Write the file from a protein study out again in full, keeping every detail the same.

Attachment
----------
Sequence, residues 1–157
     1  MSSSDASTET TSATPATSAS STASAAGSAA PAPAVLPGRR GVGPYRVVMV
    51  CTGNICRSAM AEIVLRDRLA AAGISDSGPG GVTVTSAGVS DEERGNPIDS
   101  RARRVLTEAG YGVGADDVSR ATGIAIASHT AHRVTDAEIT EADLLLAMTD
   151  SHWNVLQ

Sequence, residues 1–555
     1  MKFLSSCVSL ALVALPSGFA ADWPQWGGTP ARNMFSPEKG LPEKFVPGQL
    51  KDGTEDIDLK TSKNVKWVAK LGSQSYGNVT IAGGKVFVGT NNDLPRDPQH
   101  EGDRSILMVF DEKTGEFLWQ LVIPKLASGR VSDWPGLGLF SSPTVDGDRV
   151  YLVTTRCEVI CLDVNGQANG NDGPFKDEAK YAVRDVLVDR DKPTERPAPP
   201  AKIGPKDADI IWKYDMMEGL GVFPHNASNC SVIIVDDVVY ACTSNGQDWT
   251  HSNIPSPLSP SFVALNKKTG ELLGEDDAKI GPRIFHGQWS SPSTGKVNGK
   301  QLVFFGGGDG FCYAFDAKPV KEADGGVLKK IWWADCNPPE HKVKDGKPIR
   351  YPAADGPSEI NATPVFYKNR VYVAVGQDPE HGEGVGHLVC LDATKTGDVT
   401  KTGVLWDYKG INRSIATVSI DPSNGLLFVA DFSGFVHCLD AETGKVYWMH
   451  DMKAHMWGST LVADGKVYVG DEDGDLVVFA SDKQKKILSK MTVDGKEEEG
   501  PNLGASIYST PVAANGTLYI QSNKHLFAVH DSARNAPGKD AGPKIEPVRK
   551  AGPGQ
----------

Sequence, residues 1–157
     1  MSSSDASTET TSATPATSAS STASAAGSAA PAPAVLPGRR GVGPYRVVMV
    51  CTGNICRSAM AEIVLRDRLA AAGISDSGPG GVTVTSAGVS DEERGNPIDS
   101  RARRVLTEAG YGVGADDVSR ATGIAIASHT AHRVTDAEIT EADLLLAMTD
   151  SHWNVLQ

Sequence, residues 1–555
     1  MKFLSSCVSL ALVALPSGFA ADWPQWGGTP ARNMFSPEKG LPEKFVPGQL
    51  KDGTEDIDLK TSKNVKWVAK LGSQSYGNVT IAGGKVFVGT NNDLPRDPQH
   101  EGDRSILMVF DEKTGEFLWQ LVIPKLASGR VSDWPGLGLF SSPTVDGDRV
   151  YLVTTRCEVI CLDVNGQANG NDGPFKDEAK YAVRDVLVDR DKPTERPAPP
   201  AKIGPKDADI IWKYDMMEGL GVFPHNASNC SVIIVDDVVY ACTSNGQDWT
   251  HSNIPSPLSP SFVALNKKTG ELLGEDDAKI GPRIFHGQWS SPSTGKVNGK
   301  QLVFFGGGDG FCYAFDAKPV KEADGGVLKK IWWADCNPPE HKVKDGKPIR
   351  YPAADGPSEI NATPVFYKNR VYVAVGQDPE HGEGVGHLVC LDATKTGDVT
   401  KTGVLWDYKG INRSIATVSI DPSNGLLFVA DFSGFVHCLD AETGKVYWMH
   451  DMKAHMWGST LVADGKVYVG DEDGDLVVFA SDKQKKILSK MTVDGKEEEG
   501  PNLGASIYST PVAANGTLYI QSNKHLFAVH DSARNAPGKD AGPKIEPVRK
   551  AGPGQ